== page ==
The chair was fairly easy to assemble. The chair is VERY lightweight. I'm not sure what type of...
August 21, 2018
The chair was fairly easy to assemble. The chair is VERY lightweight. I'm not sure what type of wood it is made of, but it is very reminiscent of balsa wood--only a bit thicker. Even in the course of assembling the chair, one of the arms got a bit bashed up on a corner. Even though the price was pretty good and I want another chair, I'm not rushing out to buy another.
The chair was easy to assemble and was quite light. But the wood was full of splinters, so I had ...
June 26, 2018
The chair was easy to assemble and was quite light. But the wood was full of splinters, so I had to spend a lot of time sanding it down, but even then I couldn't get it completely splinter free. Painting the chair helped reduce the splinters a bit. But for the price, it's decent value.
Needed cheap and unfinished wood chairs for a project. Assembly was easy. I am not an expert by any means with that kind of stuff and was able to assemble in less than 30 mins. Once together tou do need to sand the wood before painting. Some rustoleum outdoor paint and gloss seal spray and these were ready to go!
The simple design, light weight and strength of the wood stood out when I opened the box. (I bought two.) The box says "Solid Fir Construction," probably Asian fir, since it comes from China. I understand that Asian fir is comparable to a species of teak, which is resistant to damage from insects, fungus, and moisture decay. The wood smells like cedar, a sign that it contains some kind of natural protective oil.
I was pleased that the seat and back slats had already been assembled, but when I began checking the screws for tightness, some were loose. Also, the middle six seat slats had only two screws, one at each end. The slats would wiggle when I tested them, and the #6 1 ¼” screws were too flimsy for my taste.
I replaced the smaller fasteners, with #8, 1 1/2" screws, countersunk. I filled in all the screw holes throughout with wood filler and sanded. I used a (noisy) new Ryobi finish sander, which helped a great deal, especially in removing some factory tool marks on one of the arms.
After assembly, I tightened all the carriage bolts and gave it test sit. It was perfectly fine, but I wanted a bit more stability; so I free-handed a cross-brace in back made of scrap red cedar. The color didn’t match, but the brace will be out of sight.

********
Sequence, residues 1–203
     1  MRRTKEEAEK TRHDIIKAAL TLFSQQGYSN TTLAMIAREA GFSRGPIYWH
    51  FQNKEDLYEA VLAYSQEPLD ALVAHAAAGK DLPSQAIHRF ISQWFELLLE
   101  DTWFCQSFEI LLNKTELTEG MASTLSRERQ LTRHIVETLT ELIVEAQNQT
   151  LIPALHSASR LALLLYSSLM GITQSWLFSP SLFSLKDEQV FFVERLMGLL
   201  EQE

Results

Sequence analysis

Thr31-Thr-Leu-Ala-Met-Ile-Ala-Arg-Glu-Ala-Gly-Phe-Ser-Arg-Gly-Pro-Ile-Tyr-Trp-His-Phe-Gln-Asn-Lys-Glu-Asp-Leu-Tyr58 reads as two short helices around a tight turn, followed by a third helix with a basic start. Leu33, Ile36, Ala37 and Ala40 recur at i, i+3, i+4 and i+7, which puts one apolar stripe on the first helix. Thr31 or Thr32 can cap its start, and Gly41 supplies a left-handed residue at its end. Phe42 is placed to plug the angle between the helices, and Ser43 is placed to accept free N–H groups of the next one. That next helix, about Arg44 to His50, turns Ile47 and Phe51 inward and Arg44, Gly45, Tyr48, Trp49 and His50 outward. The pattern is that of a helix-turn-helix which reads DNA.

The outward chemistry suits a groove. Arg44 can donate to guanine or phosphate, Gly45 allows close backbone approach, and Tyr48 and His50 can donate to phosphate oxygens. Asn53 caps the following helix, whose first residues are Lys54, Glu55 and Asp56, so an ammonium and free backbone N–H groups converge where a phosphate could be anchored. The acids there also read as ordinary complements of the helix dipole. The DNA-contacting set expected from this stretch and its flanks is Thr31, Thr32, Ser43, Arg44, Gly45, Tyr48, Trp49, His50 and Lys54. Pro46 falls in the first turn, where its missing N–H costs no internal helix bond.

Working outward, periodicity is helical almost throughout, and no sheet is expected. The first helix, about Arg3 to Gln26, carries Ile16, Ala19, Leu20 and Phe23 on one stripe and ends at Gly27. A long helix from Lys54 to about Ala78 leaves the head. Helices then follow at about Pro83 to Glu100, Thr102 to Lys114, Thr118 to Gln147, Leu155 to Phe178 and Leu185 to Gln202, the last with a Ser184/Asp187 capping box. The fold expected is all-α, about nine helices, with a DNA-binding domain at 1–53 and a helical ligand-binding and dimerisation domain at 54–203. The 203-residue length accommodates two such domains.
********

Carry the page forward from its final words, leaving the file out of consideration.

After I was completely satisfied, I applied a liberal coating of Teak Oil.
Notice all the screws have disappeared. Had I thought ahead, I would have used stainless steel screws to prevent rust. It should not be a problem though because my patio is covered.
I own two of these chairs which I purchased a few years ago to place at an off-grid cabin. They were very easy to assemble and were cut perfectly. I did not need to sand or modify either of the chairs to get them together. In fact, I assembled them in a field and used only basic tools.
Even though it looks great unfinished--the wood is pine--so it definitely needs a top coat to protect from the elements. I used a rich espresso stain on both and they look great. I would definitely recommend staining the wood before assembly, as the narrow gaps make it challenging to get a consistent coat. Of my two chairs, I kept one outside and one inside and you can definitely tell the difference now after several years. The one inside remains perfect, the one outside requires an upkeep coat.
I did not encounter any of the issues other reviewers noted regarding the chair being flimsy or loose. Mine fit snugly and do not wobble. I've had several people sit in the chairs, some with a rather large build, and there have never been any complaints.
My chairs see periodic use, yet when used they are treated roughly as makeshift holders for all sorts of gear when not accommodating people. They stand up well and should last for years to come.
I am happy with the purchase.
Once the chair is complete it looks crooked and cheap! Only after taking the time to sand and paint the chairs did I realize that the pre-drilled holes did not line up!!! To add to my further disappointment was that two of the chairs broke only min. after assembly, the screw holes were stripped! Not likely to support the 400lb weight limit, the back of the chair seems to frail and unstable. My dog on the other hand...loves the chair!
This chair required a lot of finish work in order to get it up to snuff for stain. There was a lot of chip out, especially on the screw holes and none of the edges are eased, meaning the corners of the boards are pretty sharp out of the box. It's pine though, so it's not hard to smooth everything out. I also added some woodglue at all the mating surfaces and I haven't had any issue with racking or wobbling. I sanded mine up to 220 grit, finished with some danish oil that I had laying around and I've been very happy with how it turned out. If you're willing to put in some time and sweat to save a few bucks, then this is the chair for you. If you're lazy and just want to save a few bucks (especially if you don't have abrasives or finishes laying around) I would look elsewhere.